What does a self-driving car test driver do?

Generally, a test driver sits behind the wheel and "ghost drives" the vehicle for six to eight hours a day. Some test drivers hover their foot above the brake pedal, so they're ready to intervene quickly if needed. The test driver also monitors the vehicle's progress. If the car or truck finds itself in a tough spot, he or she will take manual control of the vehicle.

Test drivers do not require advanced degrees in engineering or computer science

"For the most part, the people doing the rides have just been trained -- they're not engineers, they're not vehicle engineers," said Jeffrey Wishart, Ph.D., a clinical assistant professor of automotive systems at Arizona State University.

What qualifications do I need to be a self-driving test driver?

That varies depending on the state and company.

Generally, a driver's license and a good driving record are all that's required. California requires that self-driving companies maintain a training program for its test drivers.

Some job postings reviewed by CNN look for drivers with previous delivery experience, the ability to type over 50 words per minute and conduct basic vehicle checks. Military experience is considered a plus -- a large subset of Uber's test drivers have military backgrounds, a spokesperson for the company told CNN.

Uber, for example, requires individuals to undergo three weeks of training, including a manual driver test, written assessment, as well as classroom and public road training.

The program must also include defensive driver training
, such as experience recovering from hazardous driving situations.

Some companies go as far as to test a driver's reaction time before hiring them, since test drivers need to respond quickly if the vehicle makes a mistake.

https://www.cnet.com/news/uber-self-...gh-test-track/

Behind the wheel of the ride-hailing company's self-driving cars are "safety drivers." They're responsible for taking control if anything happens.

Before Rick McKahan could even get behind the wheel of one of Uber's self-driving cars as a "safety driver," he had to spend days driving around a small simulated city in Pennsylvania, handling corners and dodging obstacles.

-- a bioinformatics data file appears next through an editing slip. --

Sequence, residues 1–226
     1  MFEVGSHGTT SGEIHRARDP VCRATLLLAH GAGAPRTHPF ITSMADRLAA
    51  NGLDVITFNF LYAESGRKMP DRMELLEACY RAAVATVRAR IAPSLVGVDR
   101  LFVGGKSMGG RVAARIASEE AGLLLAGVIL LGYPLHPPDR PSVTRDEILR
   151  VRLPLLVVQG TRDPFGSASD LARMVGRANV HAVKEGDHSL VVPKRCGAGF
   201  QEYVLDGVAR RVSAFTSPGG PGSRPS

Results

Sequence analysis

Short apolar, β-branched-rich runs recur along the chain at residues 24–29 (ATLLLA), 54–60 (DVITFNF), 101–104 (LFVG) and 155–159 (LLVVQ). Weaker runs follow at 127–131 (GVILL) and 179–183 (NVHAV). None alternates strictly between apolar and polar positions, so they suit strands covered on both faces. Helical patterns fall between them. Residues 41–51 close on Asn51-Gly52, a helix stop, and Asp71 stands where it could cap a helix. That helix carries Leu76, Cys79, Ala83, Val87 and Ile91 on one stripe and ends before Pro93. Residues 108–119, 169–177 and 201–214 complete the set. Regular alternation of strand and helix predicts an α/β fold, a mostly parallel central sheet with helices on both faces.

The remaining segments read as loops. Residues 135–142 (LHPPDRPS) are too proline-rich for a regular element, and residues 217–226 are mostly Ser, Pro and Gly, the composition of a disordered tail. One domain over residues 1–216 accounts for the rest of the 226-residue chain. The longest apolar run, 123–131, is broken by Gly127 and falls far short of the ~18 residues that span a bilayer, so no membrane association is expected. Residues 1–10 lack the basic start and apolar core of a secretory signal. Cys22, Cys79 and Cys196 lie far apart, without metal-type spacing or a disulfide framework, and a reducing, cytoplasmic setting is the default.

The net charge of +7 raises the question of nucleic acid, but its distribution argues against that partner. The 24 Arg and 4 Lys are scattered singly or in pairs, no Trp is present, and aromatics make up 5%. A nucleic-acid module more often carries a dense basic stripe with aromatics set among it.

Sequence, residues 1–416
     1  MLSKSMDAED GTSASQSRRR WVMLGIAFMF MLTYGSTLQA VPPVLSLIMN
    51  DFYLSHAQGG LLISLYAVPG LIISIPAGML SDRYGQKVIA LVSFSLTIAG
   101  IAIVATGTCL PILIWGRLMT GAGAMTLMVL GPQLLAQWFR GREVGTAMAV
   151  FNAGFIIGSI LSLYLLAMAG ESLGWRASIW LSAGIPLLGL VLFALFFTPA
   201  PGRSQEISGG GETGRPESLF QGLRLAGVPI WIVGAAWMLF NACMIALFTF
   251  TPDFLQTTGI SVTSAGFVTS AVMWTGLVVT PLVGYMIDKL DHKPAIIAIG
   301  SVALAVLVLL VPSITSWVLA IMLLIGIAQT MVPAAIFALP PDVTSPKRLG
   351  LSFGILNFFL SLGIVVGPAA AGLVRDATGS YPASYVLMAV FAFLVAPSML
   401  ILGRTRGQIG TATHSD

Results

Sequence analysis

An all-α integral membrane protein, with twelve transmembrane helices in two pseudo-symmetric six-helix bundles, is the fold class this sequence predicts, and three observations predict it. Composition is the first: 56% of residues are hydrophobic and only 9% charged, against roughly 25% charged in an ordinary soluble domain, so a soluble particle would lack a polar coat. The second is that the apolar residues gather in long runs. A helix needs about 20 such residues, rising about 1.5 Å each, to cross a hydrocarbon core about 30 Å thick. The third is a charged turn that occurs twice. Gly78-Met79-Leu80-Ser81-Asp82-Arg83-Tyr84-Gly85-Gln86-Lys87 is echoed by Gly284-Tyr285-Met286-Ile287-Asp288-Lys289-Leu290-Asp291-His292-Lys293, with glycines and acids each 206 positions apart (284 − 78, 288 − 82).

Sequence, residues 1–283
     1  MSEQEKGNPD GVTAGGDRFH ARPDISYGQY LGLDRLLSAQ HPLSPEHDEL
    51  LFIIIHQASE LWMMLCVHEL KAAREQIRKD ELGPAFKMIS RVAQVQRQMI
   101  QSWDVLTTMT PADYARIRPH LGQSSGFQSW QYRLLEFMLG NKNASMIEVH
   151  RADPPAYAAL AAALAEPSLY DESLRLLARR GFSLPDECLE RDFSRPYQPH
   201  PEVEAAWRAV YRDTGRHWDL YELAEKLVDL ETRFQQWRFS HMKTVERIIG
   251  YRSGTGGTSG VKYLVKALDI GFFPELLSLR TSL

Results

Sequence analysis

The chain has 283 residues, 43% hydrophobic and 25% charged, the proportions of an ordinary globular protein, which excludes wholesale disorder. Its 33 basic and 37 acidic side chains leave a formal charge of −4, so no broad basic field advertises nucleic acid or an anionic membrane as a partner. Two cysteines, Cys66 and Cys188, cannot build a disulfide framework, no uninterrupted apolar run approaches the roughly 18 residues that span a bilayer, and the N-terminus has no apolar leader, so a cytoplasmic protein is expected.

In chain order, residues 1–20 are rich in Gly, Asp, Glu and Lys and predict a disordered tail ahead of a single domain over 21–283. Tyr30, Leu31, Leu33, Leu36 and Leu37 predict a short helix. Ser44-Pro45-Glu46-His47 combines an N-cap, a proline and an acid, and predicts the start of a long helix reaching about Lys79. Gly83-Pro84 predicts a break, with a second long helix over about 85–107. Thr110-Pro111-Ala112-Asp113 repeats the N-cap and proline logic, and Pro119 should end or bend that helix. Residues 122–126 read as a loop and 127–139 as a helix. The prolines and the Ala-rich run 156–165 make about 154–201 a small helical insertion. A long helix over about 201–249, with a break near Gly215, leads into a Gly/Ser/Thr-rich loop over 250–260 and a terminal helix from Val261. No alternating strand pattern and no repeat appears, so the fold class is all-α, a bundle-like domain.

At the ride-hailing company's autonomous vehicle training facility on the banks of the city's lush, green Monongahela River, aka "The Mon," Uber's self-driving cars learn to navigate the roads. And prospective safety drivers spend three weeks learning to operate the robo-cars -- Ford Fusions and Volvo XC90s -- so they can take over when needed.

"When we simulate real world experiences, we make that the worse-case scenario," said McKahan, a 28-year-old who was an oil and gas professional before he joined Uber last year to become a vehicle operator trainer. "When they get off the test track and get onto the public road, that actually seems easier than the first week of training."

As self-driving cars circle around grassy knolls and past parked cars at the closed-course facility, passenger doors suddenly fly open to test whether vehicles will safely steer out of the way. Jaywalking zombielike mannequins scoot out in front of moving automobiles to teach the cars to stop for pedestrians before it's too late.

Self-driving cars use a series of sensors, lasers and cameras to "see" their surroundings and detect traffic, pedestrians, bicyclists and other obstacles.

Anyone with a clean driving record can sign up to be one of Uber's hundreds of vehicle operators, but applicants must first go through a series of driving tests in a regular car. If they pass those and get through the interview process, they'll next enter Uber's three-week training period.